Now, you have to close your eyes and imagine this. 6,000 Content, happy, white Texans, all bejeaned and most sporting a Stetson of some kind... LINE DANCING! What the heck! What is with line dancing! I stood there mesmerized... elbow to elbow, 3 steps left, jump, tree steps to the right, two steps back, twirl, 3 steps forward, slap your thigh... I felt my jaw drop. These were educated people, weekend cowboys, having the time of their lives. That also brings me to this. Alcohol was flowing freely, but yet these were the most well behaved people on the planet. One guy next to me had a tad too much to drink and was becoming a bit rambunctious. Suddenly there were two strapping cowboys on either side of him telling him that maybe it is time to go home 'Son'. They were the same age! 'Okay' he replied and meekly followed them with no fuss. I would have aoppreciated one prodding him with a cow prod at least, but no fuss.

Bullriding was fun as usual. The first bull out got a clown! Right in front of me. It was awesome! I have neer seen a clown move that fast. Halfway up the fence the bull scooped him and helped him to the top. He had a nasty gash on his leg, but hey he was a clown! i think the bull had clown issues too as he beelined for the clown.

Oh, while ordering dinner I saw something called Calf Fries. Okay, I know what Steak Fries are, slightly larger cut deep fried potatoes, like half a wedge maybe. So, the calf bit confused me and I asked the nice lady behind the counter. She started laughing and then with a sudden straight face told be it is slices of deep friend Bull testicles and would I like some. 'Uh, NO' I replied quickly, but firmly. I went for the house cut steak instead and had her confirm that it was indeed a presentable piece of beef.

The culmination of the evening was a concert by Country and Western singer Robert Earl Keene. I admit that I had no idea who he was but the crowd knew and loved him. Most were wholeheartedly singing offkey along. All in all a great evening out!

Ah, thank you Texas!

Friday, April 23, 2010

Vampire Weekend and other good music...

My new favourite Indie band, Vampire Weekend.

The members of the band met while attending Columbia University; they then self-produced their first album after graduation while concurrently working full-time jobs. Vampire Weekend's name is derived from lead singer Ezra Koenig's amateur film of the same name. He spent time with friends in Waltham, MA. Koenig and drummer Chris Tomson first collaborated as members of the comedy-rap band "L'Homme Run". They are managed by Ian Montone, who also manages The White Stripes.

The band gained attention via a variety of blogs, such as Stereogum.The band claims to be influenced by both African popular music and Western classical music, describing their genre of music as "Upper West Side Soweto", with such songs as "Cape Cod Kwassa Kwassa" referencing Congolese soukous music.

Okay, then I just love the croonings of Michael Bublé - Michael Steven Bublé (pronounced /ˈbuːbleɪ/; born 9 September 1975) is a Canadian singer-songwriter and actor. He has won several awards, including two Grammy Awards and multiple Juno Awards. His first album reached the top ten in the UK and Canada. He found worldwide commercial success with his 2005 album It's Time, and his 2007 album Call Me Irresponsible was an even bigger success, reaching number one on the Canadian Albums Chart, the U.S. Billboard 200 chart, the Australian ARIA Albums Chart and the European charts. Bublé has sold more than 25 million albums worldwide.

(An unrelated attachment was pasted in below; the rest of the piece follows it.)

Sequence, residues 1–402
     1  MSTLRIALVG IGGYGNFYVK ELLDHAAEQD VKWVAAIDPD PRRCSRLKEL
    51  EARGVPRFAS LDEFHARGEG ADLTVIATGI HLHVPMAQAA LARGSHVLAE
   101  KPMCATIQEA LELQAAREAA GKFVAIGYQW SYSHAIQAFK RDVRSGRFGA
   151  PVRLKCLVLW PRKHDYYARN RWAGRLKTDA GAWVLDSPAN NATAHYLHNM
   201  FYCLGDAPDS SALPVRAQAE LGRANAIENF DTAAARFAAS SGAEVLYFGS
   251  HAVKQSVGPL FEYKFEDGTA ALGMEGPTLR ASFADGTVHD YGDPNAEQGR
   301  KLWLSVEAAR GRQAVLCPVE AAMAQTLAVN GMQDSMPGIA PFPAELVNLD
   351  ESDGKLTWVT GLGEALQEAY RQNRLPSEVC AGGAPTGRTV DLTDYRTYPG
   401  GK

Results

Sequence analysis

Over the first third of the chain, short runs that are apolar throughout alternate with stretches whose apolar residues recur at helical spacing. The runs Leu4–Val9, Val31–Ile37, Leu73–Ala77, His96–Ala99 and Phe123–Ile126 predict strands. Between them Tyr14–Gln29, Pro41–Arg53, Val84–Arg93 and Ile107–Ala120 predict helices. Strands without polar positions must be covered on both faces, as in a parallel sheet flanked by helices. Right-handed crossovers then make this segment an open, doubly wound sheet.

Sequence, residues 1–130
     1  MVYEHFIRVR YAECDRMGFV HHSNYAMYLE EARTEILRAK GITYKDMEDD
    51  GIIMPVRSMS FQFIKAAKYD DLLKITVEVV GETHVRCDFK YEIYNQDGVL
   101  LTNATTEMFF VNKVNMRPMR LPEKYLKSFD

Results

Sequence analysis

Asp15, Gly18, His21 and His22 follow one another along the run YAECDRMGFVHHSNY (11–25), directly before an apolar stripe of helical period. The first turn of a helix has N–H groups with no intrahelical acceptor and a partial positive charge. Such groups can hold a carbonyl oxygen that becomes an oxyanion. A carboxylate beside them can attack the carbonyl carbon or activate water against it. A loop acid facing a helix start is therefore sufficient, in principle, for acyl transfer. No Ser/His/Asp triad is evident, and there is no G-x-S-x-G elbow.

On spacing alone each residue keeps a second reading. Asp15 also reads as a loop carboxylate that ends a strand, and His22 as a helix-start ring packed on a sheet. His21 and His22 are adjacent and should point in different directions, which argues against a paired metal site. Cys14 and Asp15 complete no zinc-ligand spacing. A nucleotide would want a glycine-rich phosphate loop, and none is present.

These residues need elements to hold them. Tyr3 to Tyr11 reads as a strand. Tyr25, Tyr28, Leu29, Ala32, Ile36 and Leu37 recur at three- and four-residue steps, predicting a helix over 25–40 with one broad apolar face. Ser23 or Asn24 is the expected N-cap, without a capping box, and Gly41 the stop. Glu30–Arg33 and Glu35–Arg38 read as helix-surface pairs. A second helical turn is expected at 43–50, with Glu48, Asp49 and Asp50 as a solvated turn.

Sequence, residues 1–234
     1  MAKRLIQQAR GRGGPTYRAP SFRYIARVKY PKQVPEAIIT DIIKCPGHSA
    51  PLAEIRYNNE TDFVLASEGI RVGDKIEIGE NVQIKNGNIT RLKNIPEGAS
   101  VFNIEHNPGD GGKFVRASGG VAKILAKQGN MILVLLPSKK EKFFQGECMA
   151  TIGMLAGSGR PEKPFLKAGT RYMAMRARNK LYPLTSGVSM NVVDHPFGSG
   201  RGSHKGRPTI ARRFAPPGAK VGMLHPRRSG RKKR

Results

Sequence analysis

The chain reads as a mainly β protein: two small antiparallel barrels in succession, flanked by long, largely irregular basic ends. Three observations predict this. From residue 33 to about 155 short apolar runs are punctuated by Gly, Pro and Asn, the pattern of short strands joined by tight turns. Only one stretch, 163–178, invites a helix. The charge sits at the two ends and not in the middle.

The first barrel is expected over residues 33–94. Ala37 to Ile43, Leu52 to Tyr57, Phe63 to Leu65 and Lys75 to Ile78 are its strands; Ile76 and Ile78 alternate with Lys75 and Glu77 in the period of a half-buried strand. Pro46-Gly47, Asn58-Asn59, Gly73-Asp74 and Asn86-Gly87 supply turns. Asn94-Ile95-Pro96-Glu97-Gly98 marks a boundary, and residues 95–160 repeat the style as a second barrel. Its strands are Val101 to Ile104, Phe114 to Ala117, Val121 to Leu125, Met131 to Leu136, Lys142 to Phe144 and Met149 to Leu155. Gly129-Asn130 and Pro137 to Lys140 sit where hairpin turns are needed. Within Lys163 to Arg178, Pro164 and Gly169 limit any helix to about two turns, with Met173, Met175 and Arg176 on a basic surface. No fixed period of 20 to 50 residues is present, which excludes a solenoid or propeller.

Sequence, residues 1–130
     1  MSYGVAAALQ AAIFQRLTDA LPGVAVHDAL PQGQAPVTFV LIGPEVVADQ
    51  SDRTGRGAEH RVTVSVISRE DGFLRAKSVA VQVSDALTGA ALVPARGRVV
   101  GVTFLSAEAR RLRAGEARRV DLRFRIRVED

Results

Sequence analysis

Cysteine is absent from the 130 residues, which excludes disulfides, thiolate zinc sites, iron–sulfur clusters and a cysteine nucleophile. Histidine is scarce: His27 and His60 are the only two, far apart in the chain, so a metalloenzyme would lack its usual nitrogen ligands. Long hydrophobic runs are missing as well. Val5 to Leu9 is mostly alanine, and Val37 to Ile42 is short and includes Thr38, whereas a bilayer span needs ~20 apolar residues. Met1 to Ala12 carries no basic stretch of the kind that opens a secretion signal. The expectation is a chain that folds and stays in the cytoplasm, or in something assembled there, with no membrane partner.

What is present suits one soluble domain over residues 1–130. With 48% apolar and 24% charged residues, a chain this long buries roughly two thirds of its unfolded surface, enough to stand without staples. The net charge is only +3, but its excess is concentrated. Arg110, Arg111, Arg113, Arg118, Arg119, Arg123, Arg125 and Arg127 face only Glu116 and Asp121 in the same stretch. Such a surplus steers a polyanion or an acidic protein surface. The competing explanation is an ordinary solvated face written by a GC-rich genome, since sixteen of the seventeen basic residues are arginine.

The 5 Browns - The 5 Browns are a classical piano musical group consisting of five siblings. Their repertoire includes mostly popular classical tunes, such as George Gershwin's Rhapsody In Blue, Nikolai Rimsky-Korsakov's Flight of the Bumblebee and Grieg's In the Hall of the Mountain King. In descending order of their age, the Browns are Desirae (born 1979), Deondra (born 1980), Gregory (born 1982), Melody (born 1984), and Ryan (born 1986). All five siblings, the children of Keith and Lisa Brown, were born in Houston, Texas, where each began piano study with Yelena Kurinets at age 3. In 1991, the family moved to Utah, and the children continued private study there with Irene Peery-Fox. They were homeschooled. They were the first group of five siblings to attend the musical conservatory Juilliard, which they attended simultaneously for five consecutive years, studying with Yoheved Kaplinsky.

Source: YouTube and Wikipedia

Tuesday, April 20, 2010

American Cultural Observation 216: Space Travel

One of my many favourite TV channels is the obscure NASA TV channel on Direct TV just between ID TV and the Science Channel. For the last two weeks I have been following STS-131 which was a Space Shuttle mission to the International Space Station (ISS). This is the fourth final mission for the Shuttle program. A bit sad as the shuttles have been such a part of my/our lives.

Watch the launch below. Make sure you listen to the running stats the reporter give as to the shuttle's speed etc. Fascinating!

Space shuttle Discovery launched on 5 April 2010 from Kennedy Space Center and landed this morning - 20 April 2010 at the Kennedy Space Center's Shuttle Landing Facility. The mission marked the longest flight for the space shuttle Discovery.

The primary payload was a Multi-Purpose Logistics Module loaded with supplies and equipment for the International Space Station.